The difference between Jimmy Carter’s mistakes in handling the 1979 revolution in Iran and Obama’s handling of the 2011 revolution in Egypt is that Carter’s team made mistakes out of ignorance and naiveté. Thirty-one years later, Obama’s diplomatic team cannot claim naiveté in dealing with the Muslim Brotherhood and the radical Islamists. Obama is consciously supporting the Islamists in Egypt and facilitating their rise to power.
How else can one explain the extraordinary statements of James Clapper, Obama’s director of national intelligence, in his testimony before the House Intelligence Committee, that the Muslim Brotherhood is a “secular organization” that has “eschewed violence”? They operate hospitals in Egypt, so they must be peace-loving humanitarians? Hamas operates charities in the Gaza territory, so they are not really dedicated to the destruction of Israel?
We might forgive some American citizens for being confused about the character and goals of some Islamic organizations disguised as charities, but don’t we expect more from our “intelligence community”? As one wit has already observed following Clapper’s testimony, we might as well abolish Clapper’s agency and save the taxpayers $40 billion if this is the quality of “intelligence” our policymakers are getting from that bureaucracy.
Clapper’s statements, made this past week at the height of the Egyptian crisis, might be excused or explained away if they were an isolated incident. But his statements are part of a pattern of mischaracterizing and underestimating the threat from radical Islam. Clapper’s testimony can only be viewed as part of the Obama administration’s persistent efforts to “humanize” the Muslim Brotherhood and prepare the ground for a new Islamist-run Egyptian government.
In his televised interview on Super Bowl Sunday with Fox News pundit Bill O’Reilly, Obama specifically included the Muslim Brotherhood in the groups that must be included in any new Egyptian government. This is the equivalent of President Woodrow Wilson welcoming the Bolsheviks into the Russian government in 1917.
Obama went to Cairo in 2009 to deliver his first speech on foreign soil, a speech that was billed as his “outreach to the Muslim world.” Obama specifically requested that representatives of the Muslim Brotherhood be invited to the speech.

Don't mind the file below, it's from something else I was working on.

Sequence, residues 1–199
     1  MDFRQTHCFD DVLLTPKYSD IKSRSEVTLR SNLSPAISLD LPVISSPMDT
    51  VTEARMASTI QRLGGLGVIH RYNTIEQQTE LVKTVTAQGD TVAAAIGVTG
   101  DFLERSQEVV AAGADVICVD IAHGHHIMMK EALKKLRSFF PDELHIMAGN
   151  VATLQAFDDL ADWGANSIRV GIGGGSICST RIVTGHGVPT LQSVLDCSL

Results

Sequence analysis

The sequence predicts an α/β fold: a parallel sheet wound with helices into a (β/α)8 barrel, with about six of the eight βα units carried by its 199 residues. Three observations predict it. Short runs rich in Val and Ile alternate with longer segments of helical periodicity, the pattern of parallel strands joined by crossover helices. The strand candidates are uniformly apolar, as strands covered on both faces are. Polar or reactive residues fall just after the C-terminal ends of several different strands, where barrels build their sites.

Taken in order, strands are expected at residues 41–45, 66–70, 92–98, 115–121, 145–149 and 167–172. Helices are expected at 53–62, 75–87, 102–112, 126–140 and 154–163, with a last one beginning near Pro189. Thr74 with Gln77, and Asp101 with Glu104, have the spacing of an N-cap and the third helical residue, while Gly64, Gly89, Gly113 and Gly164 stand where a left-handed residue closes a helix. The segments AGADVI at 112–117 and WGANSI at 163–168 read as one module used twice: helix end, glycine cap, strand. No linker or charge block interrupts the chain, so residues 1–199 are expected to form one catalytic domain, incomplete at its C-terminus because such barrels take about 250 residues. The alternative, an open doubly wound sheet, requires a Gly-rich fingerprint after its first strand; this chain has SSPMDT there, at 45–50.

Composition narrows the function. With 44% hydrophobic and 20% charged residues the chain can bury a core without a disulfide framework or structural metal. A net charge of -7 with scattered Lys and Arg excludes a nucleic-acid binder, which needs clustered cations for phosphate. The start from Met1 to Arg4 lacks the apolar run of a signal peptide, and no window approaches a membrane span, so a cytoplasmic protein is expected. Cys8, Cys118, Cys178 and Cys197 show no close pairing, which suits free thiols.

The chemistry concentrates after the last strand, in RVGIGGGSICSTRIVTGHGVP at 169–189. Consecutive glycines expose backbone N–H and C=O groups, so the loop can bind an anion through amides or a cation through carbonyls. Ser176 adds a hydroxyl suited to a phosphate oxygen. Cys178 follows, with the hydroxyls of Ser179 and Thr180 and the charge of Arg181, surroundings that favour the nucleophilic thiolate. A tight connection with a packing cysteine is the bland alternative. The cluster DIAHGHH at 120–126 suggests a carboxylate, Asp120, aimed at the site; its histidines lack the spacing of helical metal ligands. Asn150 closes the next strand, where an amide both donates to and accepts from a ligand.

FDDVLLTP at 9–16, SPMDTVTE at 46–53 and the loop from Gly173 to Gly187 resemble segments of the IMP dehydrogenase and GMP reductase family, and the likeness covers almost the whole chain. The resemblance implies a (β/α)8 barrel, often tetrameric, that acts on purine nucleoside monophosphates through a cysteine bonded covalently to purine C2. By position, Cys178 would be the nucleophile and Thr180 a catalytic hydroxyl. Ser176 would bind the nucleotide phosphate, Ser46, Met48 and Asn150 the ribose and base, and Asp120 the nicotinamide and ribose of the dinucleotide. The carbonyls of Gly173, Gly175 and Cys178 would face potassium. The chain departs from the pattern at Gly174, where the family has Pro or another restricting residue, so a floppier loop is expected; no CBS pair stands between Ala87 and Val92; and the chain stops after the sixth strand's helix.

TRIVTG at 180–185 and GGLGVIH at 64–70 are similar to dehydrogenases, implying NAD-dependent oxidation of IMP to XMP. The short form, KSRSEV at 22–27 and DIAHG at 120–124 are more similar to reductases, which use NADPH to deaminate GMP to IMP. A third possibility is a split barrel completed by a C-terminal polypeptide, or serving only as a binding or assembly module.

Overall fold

In 2005 parliamentary elections in Egypt, the Muslim Brotherhood won 20 percent of the vote by putting on a moderate face and talking about social reforms and civil liberties. But in 2008 they replaced their leadership with a more fundamentalist, less secular group that has renewed the call for Shariah law and a turn away from Western civil institutions. Surely, our intelligence community knows this.
Today in Egypt, there are a dozen or more secular, reformist parties that will seek public support in the next elections. We have to ask, why is the Obama administration favoring the Muslim Brotherhood and insisting that they be included in any constitutional reform committee?
The contrast between Obama’s behavior during the Iranian street protests in 2009 and his very visible intervention in the Cairo situation is chilling. Pro-democracy demonstrators against the corrupt Ahmadinejad theocracy, which had rigged the presidential election to guarantee Ahmadinejad’s victory, were greeted with indifference in the White House. Thousands of Iranian dissidents were jailed and tortured. But when Cairo erupted in protests against a secular dictatorship, Obama readily took sides.
We live in a far more dangerous world in 2011 than we did in 1979. When the radical mullahs seized power in Iran and imposed a dictatorship based on radical Islamic doctrine, we thought it might be a short-lived experiment and not a direct threat to the United States. Today Iran is on the verge of getting nuclear weapons and is exporting money and “revolutionary training cadres” to Venezuela and elsewhere. Hezbollah has seized power in Lebanon and Hamas controls Gaza. In this environment, why are we welcoming a political role for the Muslim Brotherhood in the most populous nation in the Middle East?
Both by constitutional separation of powers and by tradition, the president has wide latitude in conducting foreign policy. George Bush waged a war to achieve “regime change” in Iraq and was widely criticized for it. Obama clearly has a different vision of regime change, one that includes anti-American radicals dedicated to the destruction of Western democracy.
What we need most is regime change in Washington, D.C.